Please Note: This article is written for users of the following Microsoft Excel versions: 2007 and 2010. If you are using an earlier version (Excel 2003 or earlier), this tip may not work for you. For a version of this tip written specifically for earlier versions of Excel, click here: Default Formatting for PivotTables.
by Allen Wyatt
(last updated January 26, 2021)
James is frustrated when it comes to formatting PivotTables. He would like all PivotTables to start in the classic format with no subtotals and repeated row items with all values in accounting format with no currency sign and no characters after the decimal. Being able to set a default such as this would save James a huge amount of time. He wonders about the easiest way to set default formatting for PivotTables so that he can avoid going through the repetitive process of formatting each new PivotTable.
Unfortunately, there is no way to create a default format for your PivotTables that we've been able to discover. One thing you might try is to develop a macro that does the formatting for you—start by recording the process of formatting your PivotTable, and then adjust the macro so that it is more global and can apply to almost any PivotTable you create. (This process can be a bit intimidating, but it can be done.)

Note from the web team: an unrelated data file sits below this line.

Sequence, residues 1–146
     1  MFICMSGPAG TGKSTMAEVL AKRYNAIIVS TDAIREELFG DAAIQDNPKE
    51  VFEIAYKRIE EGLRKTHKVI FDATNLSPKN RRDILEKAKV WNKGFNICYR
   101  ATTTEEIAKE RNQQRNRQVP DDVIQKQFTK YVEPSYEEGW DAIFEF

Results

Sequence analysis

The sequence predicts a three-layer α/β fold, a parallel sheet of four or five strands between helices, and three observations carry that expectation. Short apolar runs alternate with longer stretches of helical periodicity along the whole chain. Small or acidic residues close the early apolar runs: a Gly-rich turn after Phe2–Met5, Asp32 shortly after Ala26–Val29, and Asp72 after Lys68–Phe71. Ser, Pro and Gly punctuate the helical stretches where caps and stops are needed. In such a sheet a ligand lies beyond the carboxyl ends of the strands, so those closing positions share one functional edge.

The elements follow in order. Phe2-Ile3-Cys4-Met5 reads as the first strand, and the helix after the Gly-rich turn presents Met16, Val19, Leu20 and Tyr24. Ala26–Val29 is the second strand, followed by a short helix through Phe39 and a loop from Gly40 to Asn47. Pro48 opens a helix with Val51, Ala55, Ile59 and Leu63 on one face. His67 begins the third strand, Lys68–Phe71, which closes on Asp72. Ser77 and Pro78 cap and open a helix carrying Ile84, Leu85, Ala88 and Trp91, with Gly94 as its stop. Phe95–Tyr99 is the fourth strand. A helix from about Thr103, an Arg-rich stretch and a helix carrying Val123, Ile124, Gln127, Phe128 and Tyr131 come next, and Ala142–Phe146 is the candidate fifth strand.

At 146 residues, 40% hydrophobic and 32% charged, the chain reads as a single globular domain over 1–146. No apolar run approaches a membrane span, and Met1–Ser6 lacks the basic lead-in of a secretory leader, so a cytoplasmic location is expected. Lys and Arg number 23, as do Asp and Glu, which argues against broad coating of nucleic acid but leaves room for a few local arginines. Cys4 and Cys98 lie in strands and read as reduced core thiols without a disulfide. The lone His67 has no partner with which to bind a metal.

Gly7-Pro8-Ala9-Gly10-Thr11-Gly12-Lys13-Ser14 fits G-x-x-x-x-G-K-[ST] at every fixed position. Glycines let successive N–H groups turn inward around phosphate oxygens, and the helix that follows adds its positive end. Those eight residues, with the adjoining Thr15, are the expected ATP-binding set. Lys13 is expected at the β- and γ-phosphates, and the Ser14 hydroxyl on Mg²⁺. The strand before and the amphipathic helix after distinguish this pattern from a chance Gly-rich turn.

Another idea is to create a workbook with the PivotTable formatted as desired and then save that workbook as read-only. Then, when you need to do some work using that format of PivotTable, you can open the workbook, save it under a different name, and modify the data used to make up the PivotTable, as desired.
ExcelTips is your source for cost-effective Microsoft Excel training. This tip (11263) applies to Microsoft Excel 2007 and 2010. You can find a version of this tip for the older menu interface of Excel here: Default Formatting for PivotTables.
Comprehensive VBA Guide Visual Basic for Applications (VBA) is the language used for writing macros in all Office programs. This complete guide shows both professionals and novices how to master VBA in order to customize the entire Office suite for their needs. Check out Mastering VBA for Office 2010 today!
Excel allows you to link to values in other workbooks, even if those values are in PivotTables. However, Excel may ...Discover More
PivotTables are a great way to process huge amounts of data and make sense of that data. If you have a number of ...Discover More
When you refresh the data in a PivotTable, Excel can play havoc with whatever formatting you applied. Here's how to ...Discover More
FREE SERVICE: Get tips like this every week in ExcelTips, a free productivity newsletter. Enter your address and click "Subscribe."
Got a version of Excel that uses the ribbon interface (Excel 2007 or later)? This site is for you! If you use an earlier version of Excel, visit our ExcelTips site focusing on the menu interface.